The Documents in the Case by Dorothy L. Sayers (with Robert Eustace)

From the back cover:
The grotesquely grinning corpse in the Devonshire shack was of a man who had died horribly—with a dish of mushrooms at his side. His body contained enough death-dealing muscarine to kill thirty people. Why would an expert on fungi feast on a large quantity of this particularly poisonous species? A clue to the brilliant murderer, who had baffled the best minds in London, was hidden in a series of letters and documents that no one seemed to care about, except the dead man’s son.

The Documents in the Case is the one full-length mystery novel penned by Dorothy L. Sayers that doesn’t star Lord Peter Wimsey. Before I’d read it, I knew of it merely as “the one with the mushrooms.” Now I’ll know it as “the really boring one with the mushrooms.”

For the most part, this is an epistolary novel in which letters written by the residents of a particular Bayswater address depict the state of family life before the death of patriarch and mushroom enthusiast, George Harrison (yes, really). Sayers expertly and efficiently depicts the character of each correspondent through their writing, including George himself; the young, flighty, and discontented lady of the house (Margaret); her deluded-to-the-point-of-insanity companion (Miss Milsom); the dashing artist tenant (Harwood Lathom); the deep-thought-having novelist tenant (John Munting); and George’s son from an earlier marriage (Paul), who has gathered the documents together in a bid to prove that his father was too much of an expert on mushrooms to have died from accidentally ingesting a poisonous variety.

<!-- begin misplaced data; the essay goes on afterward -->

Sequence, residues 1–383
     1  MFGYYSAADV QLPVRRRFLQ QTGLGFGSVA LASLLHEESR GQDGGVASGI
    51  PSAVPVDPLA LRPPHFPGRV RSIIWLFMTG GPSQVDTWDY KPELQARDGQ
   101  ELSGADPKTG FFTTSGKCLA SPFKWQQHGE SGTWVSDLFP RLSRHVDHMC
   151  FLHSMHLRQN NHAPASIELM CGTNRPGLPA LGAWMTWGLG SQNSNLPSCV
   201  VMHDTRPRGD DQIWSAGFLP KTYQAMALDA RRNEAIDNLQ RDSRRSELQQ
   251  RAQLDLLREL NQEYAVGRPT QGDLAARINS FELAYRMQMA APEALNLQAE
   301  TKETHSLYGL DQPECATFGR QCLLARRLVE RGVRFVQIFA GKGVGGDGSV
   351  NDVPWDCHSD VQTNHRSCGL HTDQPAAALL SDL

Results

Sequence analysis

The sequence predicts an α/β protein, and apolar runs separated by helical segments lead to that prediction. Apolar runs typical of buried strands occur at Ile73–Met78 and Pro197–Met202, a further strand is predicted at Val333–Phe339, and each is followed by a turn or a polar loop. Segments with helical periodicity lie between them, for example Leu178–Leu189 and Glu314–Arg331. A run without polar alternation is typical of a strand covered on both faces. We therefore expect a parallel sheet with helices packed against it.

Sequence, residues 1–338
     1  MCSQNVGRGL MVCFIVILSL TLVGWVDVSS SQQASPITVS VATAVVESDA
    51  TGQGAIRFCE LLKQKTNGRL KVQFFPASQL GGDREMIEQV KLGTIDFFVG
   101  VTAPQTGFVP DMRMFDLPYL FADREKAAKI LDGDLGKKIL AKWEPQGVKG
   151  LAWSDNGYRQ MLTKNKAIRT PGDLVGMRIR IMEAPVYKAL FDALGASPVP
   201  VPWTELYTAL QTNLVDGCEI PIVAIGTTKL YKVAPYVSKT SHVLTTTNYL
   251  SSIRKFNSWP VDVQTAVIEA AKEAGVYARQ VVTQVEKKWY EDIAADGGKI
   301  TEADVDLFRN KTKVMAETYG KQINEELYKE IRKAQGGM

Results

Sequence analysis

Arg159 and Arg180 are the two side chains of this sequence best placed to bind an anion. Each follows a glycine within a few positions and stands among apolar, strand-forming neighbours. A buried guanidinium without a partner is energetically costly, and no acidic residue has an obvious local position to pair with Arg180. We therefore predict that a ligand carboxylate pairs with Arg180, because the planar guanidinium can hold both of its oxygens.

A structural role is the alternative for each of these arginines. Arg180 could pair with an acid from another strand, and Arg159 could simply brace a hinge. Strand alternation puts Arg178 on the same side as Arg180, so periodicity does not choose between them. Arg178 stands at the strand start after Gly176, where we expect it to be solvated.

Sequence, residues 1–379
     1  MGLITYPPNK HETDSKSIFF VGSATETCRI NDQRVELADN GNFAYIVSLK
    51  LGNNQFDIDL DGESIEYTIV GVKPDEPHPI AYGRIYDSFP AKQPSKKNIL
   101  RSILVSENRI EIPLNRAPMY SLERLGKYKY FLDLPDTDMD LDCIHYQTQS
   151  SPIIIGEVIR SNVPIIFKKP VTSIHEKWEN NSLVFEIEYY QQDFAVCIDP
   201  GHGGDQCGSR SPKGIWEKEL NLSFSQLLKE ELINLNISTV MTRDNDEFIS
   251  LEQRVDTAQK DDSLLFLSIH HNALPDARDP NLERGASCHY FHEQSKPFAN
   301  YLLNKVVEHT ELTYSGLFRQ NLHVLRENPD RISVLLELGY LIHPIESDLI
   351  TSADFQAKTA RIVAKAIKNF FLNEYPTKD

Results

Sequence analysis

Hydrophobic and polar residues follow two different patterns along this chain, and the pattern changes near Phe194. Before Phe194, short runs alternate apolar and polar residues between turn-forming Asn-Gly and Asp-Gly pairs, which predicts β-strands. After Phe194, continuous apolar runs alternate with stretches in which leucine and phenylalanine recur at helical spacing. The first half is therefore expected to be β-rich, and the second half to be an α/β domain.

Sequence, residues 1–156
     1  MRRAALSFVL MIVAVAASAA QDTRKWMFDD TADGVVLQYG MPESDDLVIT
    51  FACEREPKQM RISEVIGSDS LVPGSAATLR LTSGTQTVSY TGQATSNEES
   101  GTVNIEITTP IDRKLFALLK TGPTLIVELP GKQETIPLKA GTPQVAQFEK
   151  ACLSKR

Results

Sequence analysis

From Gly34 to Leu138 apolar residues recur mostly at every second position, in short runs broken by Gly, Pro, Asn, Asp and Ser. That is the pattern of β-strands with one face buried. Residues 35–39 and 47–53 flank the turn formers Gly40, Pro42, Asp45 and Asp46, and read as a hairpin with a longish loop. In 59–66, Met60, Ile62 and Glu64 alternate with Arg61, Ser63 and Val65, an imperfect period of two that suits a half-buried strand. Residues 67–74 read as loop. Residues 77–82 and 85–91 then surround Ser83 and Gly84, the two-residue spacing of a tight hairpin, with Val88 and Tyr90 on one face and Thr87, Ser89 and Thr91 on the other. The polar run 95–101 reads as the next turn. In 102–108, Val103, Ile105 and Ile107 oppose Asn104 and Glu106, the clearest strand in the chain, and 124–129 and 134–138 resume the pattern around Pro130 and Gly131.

Some of this is fairly interesting, some is irritating—seriously, although one can sympathize with Margaret for her repressive husband, she is still frequently too insincere and manipulative to bear—and some is downright tedious. Munting’s letters to his fiancée often lapse into pseudo-philosophizing, but the cake is taken by an extremely long and self-indulgent scene near the end in which Sayers uses a bunch of random professorial types as mouthpieces through which to espouse some theories on the origins of life. If I had a paper copy instead of an audiobook I would quote some of the dialogue from this section, but it will have to suffice it to say that my impatience caused me to hurl profanities at my innocent cassette player.

Eventually, this rambling conversation produces the means of proving the death was no accident, and then there’s a very brief postscript about how the culprit was hanged. The end.

Ultimately, I conclude that this one is only for completists. Completists, I wish I could say this was better, but perhaps it will be some small comfort to know that it is at least quite short.

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  1. Hmm. It’s been a while since I read this, but I recall liking it pretty well. Maybe because it was a straight up mystery and sometimes Sayers has a tendency to get far too ‘literary’ for my tastes.

    • It is straightforward, except when going off on tangents like I mentioned above. Maybe that’s why they rankled more, actually… they just seemed tonally out-of-place with the rest of the narrative. I do grant, however, that I am not keen on science so my eyes might’ve glazed over more than an ordinary person’s would have.

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